The man seen waiting outside the lodging house , seen by Mrs Lewis, who could not strike then, because she had Mr A in the room, so he waited until he saw her in the morning, and it was him that Mrs Maxwell saw talking to her around 8.45 am.
          Regards Richard.

          Comment


          • #65
            Originally posted by John G View Post
            I think we also need to consider the reason why Hutchinson's evidence was subsequently regarded as having a reduced importance. Walter Dew provides a possible insight into police thinking in his memoirs ... Therefore, no suggestion that Hutchinson had been caught out in any great lie (Dew, of course, postulated that he'd got the date mixed up), simply that the police may have taken the view that Blotchy was very likely to have been the murderer.
            Hutchinson was a witness of such importance, John, that investigators would never have risked losing him on a whim. Dew clearly had no idea why Hutchinson had been sidelined, but this should come as no great surprise given his lowly rank at the time of the murders. Security was paramount for those leading the investigation. Thus information was passed down the command chain on a strictly need-to-know basis.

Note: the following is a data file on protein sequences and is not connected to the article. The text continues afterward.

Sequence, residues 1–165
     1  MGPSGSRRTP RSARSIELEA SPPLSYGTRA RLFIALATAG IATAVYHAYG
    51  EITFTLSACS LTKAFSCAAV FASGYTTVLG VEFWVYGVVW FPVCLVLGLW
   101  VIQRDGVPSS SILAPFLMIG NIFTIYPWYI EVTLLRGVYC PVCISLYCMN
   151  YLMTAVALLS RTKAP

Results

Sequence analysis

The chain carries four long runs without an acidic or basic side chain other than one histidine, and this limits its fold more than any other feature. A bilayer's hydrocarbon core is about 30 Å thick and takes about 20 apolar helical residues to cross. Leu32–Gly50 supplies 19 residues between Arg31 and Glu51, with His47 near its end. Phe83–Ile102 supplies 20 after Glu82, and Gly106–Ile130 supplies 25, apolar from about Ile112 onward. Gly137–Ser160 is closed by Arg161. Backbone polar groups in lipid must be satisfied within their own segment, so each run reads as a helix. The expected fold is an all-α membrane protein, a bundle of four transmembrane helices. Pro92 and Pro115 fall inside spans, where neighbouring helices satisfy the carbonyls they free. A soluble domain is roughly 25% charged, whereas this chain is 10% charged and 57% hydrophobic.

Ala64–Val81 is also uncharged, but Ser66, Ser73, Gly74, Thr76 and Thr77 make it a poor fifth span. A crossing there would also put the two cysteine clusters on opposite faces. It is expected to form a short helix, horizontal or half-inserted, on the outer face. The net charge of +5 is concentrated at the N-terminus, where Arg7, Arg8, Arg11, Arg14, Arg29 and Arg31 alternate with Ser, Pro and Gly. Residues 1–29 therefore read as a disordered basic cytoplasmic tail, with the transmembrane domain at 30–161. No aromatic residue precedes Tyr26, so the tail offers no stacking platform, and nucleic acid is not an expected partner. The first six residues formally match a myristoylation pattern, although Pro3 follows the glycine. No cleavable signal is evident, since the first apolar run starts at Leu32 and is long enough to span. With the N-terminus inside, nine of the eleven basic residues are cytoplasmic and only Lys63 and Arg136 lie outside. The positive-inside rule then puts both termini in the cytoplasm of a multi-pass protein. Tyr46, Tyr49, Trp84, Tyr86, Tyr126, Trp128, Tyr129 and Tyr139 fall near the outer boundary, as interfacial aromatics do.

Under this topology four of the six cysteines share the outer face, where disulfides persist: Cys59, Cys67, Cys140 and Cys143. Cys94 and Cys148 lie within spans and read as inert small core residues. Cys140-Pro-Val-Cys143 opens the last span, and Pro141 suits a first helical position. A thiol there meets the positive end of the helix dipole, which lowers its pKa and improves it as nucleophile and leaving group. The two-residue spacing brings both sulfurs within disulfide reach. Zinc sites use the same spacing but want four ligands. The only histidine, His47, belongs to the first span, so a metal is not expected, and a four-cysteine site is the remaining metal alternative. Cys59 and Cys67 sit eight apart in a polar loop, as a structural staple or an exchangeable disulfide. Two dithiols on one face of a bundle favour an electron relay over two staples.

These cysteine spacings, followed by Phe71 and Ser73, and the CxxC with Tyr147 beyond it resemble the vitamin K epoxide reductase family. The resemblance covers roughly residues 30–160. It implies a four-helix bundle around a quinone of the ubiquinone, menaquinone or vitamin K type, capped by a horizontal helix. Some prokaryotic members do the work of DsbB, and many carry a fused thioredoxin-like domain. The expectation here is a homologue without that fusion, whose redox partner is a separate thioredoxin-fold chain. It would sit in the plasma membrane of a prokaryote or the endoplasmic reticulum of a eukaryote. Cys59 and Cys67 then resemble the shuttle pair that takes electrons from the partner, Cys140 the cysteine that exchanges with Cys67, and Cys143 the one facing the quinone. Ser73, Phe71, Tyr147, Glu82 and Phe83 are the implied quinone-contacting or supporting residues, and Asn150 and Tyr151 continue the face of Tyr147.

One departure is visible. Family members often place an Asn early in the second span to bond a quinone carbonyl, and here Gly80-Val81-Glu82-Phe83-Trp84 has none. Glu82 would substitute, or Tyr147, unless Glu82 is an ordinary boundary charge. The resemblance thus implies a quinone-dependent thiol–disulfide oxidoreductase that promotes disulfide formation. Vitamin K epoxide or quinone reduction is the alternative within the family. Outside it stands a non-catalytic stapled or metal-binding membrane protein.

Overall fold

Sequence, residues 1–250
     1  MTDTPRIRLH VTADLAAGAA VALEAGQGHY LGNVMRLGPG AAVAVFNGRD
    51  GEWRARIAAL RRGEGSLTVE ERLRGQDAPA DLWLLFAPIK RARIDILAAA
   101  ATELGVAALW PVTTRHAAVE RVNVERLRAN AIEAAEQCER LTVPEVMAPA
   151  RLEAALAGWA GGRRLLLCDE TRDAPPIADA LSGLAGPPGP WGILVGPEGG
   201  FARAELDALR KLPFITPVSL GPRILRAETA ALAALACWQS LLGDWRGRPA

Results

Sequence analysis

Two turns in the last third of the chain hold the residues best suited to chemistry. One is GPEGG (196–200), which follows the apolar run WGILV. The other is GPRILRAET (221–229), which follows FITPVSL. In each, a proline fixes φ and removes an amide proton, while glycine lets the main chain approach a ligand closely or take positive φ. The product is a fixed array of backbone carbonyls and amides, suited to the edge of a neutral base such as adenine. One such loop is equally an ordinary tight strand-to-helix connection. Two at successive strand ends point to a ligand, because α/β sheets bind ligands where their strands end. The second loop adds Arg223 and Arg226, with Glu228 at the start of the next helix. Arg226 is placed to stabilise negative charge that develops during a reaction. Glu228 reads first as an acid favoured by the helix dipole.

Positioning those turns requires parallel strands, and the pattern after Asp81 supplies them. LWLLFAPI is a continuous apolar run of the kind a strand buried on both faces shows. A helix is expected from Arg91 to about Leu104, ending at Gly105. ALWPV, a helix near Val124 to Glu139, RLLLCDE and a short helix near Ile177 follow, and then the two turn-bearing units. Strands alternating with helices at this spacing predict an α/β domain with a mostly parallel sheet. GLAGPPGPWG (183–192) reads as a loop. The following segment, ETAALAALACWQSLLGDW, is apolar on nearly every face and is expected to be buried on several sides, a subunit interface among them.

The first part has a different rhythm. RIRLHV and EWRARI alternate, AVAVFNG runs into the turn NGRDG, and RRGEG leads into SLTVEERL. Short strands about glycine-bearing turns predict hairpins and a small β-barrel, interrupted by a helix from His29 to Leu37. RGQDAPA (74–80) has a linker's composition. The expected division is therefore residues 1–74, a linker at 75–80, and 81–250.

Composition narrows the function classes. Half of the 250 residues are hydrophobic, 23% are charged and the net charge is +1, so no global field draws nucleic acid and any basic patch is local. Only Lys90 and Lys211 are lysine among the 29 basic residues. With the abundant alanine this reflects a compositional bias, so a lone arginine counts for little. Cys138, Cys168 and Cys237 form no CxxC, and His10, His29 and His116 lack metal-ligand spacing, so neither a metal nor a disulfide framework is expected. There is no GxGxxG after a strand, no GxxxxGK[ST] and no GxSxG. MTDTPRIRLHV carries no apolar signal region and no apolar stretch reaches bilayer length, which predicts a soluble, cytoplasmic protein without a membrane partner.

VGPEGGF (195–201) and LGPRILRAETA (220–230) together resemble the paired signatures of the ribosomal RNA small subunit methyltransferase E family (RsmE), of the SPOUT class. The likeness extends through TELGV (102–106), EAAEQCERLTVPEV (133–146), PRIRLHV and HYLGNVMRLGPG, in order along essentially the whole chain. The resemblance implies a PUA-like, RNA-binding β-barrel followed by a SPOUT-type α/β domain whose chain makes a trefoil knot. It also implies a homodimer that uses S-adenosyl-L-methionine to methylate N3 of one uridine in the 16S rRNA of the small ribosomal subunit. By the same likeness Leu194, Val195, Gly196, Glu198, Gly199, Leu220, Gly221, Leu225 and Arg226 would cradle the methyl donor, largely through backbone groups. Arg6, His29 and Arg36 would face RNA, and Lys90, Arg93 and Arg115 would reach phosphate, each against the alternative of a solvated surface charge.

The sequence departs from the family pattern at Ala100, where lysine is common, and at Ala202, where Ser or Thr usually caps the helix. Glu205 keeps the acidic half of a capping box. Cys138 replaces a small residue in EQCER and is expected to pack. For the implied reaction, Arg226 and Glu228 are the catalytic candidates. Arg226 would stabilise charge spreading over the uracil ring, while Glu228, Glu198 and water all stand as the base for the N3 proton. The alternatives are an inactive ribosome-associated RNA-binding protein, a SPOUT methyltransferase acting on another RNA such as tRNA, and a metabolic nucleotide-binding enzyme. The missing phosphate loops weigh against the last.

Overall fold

I do, however, find the last part of Dew's comments interesting, i.e. the Cox reference, "always supposing Mrs Cox ever had seen her with a man." Doesn't this imply that there were at least some doubts about her evidence?
            It was the same with every witness, John. Investigators could not risk placing total faith in any of their informants, irrespective of how well-intentioned or sincere a given witness might have appeared. It's called good policing.

            Comment


            • #66
              However, what I do find strange is that, if Hutchinson was lying, why wasn't an experienced detective like Abberline able to trip him up, during what may have been a lengthy interogation?